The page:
By Sarah Donofrio
The First Year Experience Speaker Series hosted its first speaker of the spring semester on Wednesday, February 8th. The presentation was entitled “Stillness and Silence: The Beginning and the End of Academic Life” and was presented by Freshman Year Experience Teaching Fellow Carl Vater. Vater’s lecture engaged students by discussing new philosophical ideas in the context of the texts the freshmen class has studied in their Learning Communities.
“The Freshman Year Experience Speakers are always interesting and they leave me with something to think about,” said freshman Mary Pergolini.
Vater started the lecture by talking about academic life, which he defined in terms of stillness and silence. Students engaged in the lecture by participating and asking questions pertaining to stillness in relation to academic life.
The lecture proceeded with a discussion of bodily stillness. Students discussed various relationships between the body and mind, while discussing studying and the academic life. Through the discussion, the students recognized that a certain stillness is often necessary for thinking.
“Plato tells us the soul reasons best when none of the senses are troubling it, neither hearing nor sight,” said Vater. “We are not at rest. We are not still. The body keeps moving us in so many ways.”
Vater continued the lecture with a discussion about virtue. He referenced the Nichomachean Ethics, which freshmen read in the first semester in their philosophy classes.
“Aristotle talks about desires. With virtue, I can desire the right amount in the right way,” said Vater.
Despite attaining both stillness and silence, Vater described that more is necessary. Vater referenced a math example from the Catholic University of America Primer given to all freshman prior to orientation.
“We begin from the things that we know, and move to the things that we don’t yet know,” said Vater. “In this proof, we start with what we know about isosceles triangles and angles, and move to the conclusion that any two sides of the triangle are always larger than the third side. That conclusion is absolutely stable.”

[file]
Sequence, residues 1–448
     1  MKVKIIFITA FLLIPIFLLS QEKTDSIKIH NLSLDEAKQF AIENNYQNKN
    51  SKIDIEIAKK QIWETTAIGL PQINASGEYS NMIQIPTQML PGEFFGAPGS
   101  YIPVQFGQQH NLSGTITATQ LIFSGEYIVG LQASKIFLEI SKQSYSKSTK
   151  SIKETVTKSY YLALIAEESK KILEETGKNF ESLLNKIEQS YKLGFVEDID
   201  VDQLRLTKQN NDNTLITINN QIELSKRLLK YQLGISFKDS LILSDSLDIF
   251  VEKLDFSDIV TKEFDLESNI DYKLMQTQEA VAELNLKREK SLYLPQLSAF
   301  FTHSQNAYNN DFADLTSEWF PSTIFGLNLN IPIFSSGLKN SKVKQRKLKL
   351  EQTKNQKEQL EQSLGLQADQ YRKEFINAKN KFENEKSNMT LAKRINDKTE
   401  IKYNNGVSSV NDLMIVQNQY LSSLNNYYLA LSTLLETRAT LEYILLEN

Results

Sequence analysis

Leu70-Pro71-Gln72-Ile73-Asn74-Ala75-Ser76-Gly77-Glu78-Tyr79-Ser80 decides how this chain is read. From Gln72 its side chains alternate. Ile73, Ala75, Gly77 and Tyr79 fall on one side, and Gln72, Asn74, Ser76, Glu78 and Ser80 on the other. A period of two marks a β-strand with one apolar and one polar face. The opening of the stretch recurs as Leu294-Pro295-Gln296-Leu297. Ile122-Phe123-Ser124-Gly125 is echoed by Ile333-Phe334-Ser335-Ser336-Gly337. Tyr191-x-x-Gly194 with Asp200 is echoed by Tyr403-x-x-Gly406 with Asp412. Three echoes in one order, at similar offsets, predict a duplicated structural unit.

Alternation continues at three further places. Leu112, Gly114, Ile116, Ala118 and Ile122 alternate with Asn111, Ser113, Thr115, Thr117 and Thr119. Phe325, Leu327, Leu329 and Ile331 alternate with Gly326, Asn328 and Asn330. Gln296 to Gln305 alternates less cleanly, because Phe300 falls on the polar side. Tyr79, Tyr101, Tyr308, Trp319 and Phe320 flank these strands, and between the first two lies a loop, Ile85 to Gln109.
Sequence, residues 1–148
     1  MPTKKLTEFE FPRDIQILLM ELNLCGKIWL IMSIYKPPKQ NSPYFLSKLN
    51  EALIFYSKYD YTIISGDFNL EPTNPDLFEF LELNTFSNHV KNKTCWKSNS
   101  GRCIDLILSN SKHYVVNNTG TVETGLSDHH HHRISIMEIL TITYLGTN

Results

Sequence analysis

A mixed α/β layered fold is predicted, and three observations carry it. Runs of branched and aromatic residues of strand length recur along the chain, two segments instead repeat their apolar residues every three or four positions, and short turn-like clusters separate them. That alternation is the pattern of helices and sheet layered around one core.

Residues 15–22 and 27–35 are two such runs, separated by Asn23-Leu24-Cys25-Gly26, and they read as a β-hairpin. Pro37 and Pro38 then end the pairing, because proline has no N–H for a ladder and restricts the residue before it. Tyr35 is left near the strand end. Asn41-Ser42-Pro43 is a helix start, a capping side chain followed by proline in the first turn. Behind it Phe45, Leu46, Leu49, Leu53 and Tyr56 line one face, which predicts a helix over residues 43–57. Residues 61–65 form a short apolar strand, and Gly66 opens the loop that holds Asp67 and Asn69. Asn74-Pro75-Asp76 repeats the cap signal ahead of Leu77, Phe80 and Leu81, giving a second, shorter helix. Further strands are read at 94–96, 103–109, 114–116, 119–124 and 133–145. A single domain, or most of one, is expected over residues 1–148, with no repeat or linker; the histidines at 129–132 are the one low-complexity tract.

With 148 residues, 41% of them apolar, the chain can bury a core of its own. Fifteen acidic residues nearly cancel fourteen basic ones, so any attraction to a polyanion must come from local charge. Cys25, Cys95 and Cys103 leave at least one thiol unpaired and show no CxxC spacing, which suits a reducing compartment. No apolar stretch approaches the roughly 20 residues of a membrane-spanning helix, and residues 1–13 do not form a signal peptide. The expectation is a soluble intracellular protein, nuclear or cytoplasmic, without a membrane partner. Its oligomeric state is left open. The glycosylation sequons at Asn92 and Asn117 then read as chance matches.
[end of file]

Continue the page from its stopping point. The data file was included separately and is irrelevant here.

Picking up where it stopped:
The speaker also recognized that more questions always exist.
“St. Augustine tells us that our heart is restless, and has no stillness, until it rests in God. God, like the conclusion, has this stability about him,” said Vater. “The goal of this academic life, that towards which we strive, is to be still and silent. To come up against this thing that is infinite and fall silent.”
The speaker finished the event with a discussion on an excerpt from Descartes’ Discourse on the Method.
“If we solve death, it seems like life becomes the problem. We don’t have any rest. We don’t have any stillness. A long life can be fulfilling, but a short life, lived well, could be just as fulfilling,” said Vater, in conclusion.
“[The speaker] definitely gave me a lot of food for thought, that’s for sure. And tonight’s topic was a lot about thinking, and at what point we are satisfied with our answers. I, for one, am very satisfied,” said freshman computer science major Ariana Johnson.